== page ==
Oculus Rift DK1 had 60Hz. Oculus Rift DK2 had 75Hz. But that wasn’t enough, and they went with 90Hz instead for Consumer Version 1.
Why are they going higher and higher, and will Oculus stop at 90Hz? After all, PS VR has a 120Hz display, so they might go with that? But is it really worth it?
For those that don’t know, Oculus Rift refresh rate is basically that shows how many times does the screen refresh itself for new images in one second. 90Hz means it can refresh itself a maximum of 90 times per second.
Why Did Oculus Rift Ditch 75Hz then?
Motion sickness is the biggest reason. You see, if you put on the headset, the only thing that you see is what Oculus Rift shows you. Have you ever driven in a car where the trees are going by fast and the sun disappears and appears, over and over again? If you have, you know how uncomfortable it can become after a while. To be honest, you don’t really feel bad when things around you are moving at 75Hz, but it gets pretty horrible when you start moving.
At the moment, even 90Hz is a bit low, especially when you are driving in a virtual car or moving really fast and stopping immediately. When the images aren’t refreshed fast enough, your brain thinks something is wrong because all your life you haven’t had that kind of situation. Because of that, it reacts by making you feel sick so you vomit on purpose.
Our body is smart, and in the old times it probably could have saved peoples lives since they threw up all poisonous things, but nowadays it’s kinda hard to tell your body that everything is okay. Our body is a slow learner, but luckily, it does learn. If you keep playing with that kind of refresh rate, your body will get used to it and you won’t feel sick. However, it’s still a thing that needs to be improved.
Back in 2014, I was suffering from motion sickness when I tried developer kits, but I got over them pretty fast, especially when trying out the second version. The first version didn’t even have head tracking and that really messed me up. Now, it’s at a much better place.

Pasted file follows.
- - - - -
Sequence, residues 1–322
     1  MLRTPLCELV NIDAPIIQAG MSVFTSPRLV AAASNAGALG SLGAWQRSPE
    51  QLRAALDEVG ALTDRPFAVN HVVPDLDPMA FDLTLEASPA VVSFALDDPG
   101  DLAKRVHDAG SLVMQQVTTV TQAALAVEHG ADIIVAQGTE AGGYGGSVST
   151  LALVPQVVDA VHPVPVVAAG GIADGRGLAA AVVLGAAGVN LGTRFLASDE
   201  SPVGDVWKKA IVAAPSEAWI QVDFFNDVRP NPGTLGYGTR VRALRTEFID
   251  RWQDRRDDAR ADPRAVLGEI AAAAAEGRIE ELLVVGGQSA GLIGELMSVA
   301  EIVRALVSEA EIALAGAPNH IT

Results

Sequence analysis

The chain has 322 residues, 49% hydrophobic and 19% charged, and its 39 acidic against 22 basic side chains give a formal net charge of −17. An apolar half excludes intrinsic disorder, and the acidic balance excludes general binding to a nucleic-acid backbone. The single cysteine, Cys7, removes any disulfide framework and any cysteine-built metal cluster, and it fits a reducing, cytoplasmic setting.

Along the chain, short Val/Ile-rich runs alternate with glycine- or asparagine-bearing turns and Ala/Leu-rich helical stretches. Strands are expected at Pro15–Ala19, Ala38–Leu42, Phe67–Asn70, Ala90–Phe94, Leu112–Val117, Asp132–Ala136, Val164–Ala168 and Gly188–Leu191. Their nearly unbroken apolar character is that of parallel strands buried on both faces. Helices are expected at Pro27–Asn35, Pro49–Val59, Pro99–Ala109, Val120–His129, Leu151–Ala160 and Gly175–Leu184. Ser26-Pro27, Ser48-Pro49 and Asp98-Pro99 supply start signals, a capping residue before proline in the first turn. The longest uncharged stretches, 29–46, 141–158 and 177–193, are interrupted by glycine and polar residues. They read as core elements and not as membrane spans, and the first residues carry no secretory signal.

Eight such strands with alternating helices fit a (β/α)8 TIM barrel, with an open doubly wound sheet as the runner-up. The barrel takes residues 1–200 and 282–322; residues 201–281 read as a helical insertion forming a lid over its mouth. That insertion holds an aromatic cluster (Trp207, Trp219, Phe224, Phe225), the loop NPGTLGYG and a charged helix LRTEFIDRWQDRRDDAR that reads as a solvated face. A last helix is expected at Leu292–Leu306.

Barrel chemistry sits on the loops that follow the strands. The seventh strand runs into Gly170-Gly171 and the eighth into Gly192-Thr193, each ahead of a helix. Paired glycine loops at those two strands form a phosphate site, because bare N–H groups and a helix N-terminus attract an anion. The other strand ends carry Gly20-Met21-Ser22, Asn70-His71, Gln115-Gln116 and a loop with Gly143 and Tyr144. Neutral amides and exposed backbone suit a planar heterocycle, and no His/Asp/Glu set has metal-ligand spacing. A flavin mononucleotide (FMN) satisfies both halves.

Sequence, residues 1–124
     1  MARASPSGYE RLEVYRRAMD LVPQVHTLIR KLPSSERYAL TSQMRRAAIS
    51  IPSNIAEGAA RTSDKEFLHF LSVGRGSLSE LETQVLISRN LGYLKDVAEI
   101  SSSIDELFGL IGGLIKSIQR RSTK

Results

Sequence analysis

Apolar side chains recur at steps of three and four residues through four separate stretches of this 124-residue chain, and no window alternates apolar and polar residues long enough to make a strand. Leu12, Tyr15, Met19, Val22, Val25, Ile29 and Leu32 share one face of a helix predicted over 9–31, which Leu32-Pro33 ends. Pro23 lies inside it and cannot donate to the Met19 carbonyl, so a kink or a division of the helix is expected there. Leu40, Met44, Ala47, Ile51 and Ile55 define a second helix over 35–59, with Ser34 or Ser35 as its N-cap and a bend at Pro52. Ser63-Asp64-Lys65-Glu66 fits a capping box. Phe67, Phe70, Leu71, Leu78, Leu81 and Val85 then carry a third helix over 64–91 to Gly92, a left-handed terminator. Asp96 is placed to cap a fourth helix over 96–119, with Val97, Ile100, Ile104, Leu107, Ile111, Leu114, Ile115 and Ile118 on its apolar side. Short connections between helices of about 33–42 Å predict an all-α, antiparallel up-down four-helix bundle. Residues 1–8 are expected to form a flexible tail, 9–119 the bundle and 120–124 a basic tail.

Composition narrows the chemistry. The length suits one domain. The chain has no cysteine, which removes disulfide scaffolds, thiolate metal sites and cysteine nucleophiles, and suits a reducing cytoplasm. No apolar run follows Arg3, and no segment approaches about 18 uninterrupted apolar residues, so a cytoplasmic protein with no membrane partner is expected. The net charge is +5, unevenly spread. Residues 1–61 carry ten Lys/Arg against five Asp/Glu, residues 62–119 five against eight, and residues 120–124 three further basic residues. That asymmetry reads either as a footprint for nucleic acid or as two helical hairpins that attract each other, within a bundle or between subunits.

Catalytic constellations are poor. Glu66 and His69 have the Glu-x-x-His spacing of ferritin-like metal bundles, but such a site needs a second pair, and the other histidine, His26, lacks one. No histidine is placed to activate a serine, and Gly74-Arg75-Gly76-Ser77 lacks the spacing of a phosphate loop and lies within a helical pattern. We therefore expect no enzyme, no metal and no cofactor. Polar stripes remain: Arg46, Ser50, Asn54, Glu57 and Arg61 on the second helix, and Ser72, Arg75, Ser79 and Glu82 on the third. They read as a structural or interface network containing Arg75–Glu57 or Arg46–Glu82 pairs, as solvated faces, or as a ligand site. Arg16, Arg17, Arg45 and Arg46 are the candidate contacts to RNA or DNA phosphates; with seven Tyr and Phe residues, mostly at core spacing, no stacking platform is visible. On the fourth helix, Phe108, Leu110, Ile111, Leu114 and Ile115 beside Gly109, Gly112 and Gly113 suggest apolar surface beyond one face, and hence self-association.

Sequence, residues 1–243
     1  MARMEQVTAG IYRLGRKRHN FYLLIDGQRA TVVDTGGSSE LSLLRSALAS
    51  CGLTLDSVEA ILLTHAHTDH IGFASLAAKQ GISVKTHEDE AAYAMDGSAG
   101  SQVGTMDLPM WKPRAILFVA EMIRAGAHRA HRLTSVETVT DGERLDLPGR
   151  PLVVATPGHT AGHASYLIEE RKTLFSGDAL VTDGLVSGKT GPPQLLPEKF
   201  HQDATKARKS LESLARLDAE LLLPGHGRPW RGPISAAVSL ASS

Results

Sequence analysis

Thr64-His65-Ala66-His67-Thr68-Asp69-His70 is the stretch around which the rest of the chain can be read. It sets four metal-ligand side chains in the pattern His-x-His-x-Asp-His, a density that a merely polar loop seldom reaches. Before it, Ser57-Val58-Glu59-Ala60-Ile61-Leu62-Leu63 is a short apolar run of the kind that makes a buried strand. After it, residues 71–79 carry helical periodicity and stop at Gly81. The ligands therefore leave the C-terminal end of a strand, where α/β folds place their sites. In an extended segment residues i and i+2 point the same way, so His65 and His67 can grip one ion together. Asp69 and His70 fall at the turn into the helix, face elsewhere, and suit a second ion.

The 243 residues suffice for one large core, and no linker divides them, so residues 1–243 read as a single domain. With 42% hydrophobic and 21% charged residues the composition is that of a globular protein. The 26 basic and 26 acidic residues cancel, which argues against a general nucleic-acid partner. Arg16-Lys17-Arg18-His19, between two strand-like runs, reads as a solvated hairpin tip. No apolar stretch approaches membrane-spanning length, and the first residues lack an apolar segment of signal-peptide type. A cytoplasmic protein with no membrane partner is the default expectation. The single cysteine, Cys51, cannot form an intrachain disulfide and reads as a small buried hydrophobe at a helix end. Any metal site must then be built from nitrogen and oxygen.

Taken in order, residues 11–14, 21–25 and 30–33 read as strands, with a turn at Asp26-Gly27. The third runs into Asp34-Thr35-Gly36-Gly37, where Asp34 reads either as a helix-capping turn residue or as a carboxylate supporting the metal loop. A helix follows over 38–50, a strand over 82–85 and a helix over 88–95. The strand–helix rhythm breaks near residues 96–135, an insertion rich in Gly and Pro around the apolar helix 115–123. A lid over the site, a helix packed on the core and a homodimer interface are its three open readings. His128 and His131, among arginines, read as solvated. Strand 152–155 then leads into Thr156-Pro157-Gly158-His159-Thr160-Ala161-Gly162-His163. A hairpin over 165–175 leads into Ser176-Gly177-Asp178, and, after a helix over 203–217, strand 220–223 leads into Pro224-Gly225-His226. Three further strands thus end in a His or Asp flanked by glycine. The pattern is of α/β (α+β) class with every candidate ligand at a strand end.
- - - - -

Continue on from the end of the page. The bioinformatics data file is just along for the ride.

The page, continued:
But we still go a long way to go.
Will Oculus Rift go higher than 90Hz?
Yes, I do think that they eventually will… But I don’t think it’s a priority for them. And in my opinion, it shouldn’t be. 90Hz is acceptable to us. It could be higher like with PS VR or some VR AMOLED displays, but considering how hard it is for developers to hit the stable 90fps mark at the moment, I wouldn’t be too hasty in sacrificing visuals for more frames.
Instead, I would focus on the FOV and resolution as that would definitely increase the VR experience a lot more compared to higher refresh rate, which is mostly situational anyways. Imagine if the Field Of View is increased to such a degree that our peripheral vision is completely covered with the virtual world. It’s probably very far away from reality, but if that becomes a thing… oh my goodness. A chaos would be in the world.
A true 360 coverage of your head is something that we, VR users, see in dreams.
A better resolution would also be a great asset to a more pleasurable VR experience. At the moment, it’s a bit difficult to read small text and see a lot of detail in things that are far away.
I see a lot of news of random VR headsets with better resolution that are either in development or out in the market, but the problem with them is that they don’t have enough content to keep you interested. That’s why it feels like Rift and Vive take an internity to release a headset with better stats.
HTC Vive Pro came out, but that has the problem of being too expensive and requiring a GPU that is, unfortunately, raising the PC requirement level again.
We really need a VR headset that is both an improvement in resolution, ergonomics, and FOV, but the 90Hz stat can stay the same. It’s not worth raising it at the moment, the motion sickness won’t get much better.
I speculate that if Oculus Rift does raise the Hertz number, it would be up to 120, and no more.
Well, time will tell. In the meantime, let’s see what Oculus will reveal about the Santa Cruz prototype.
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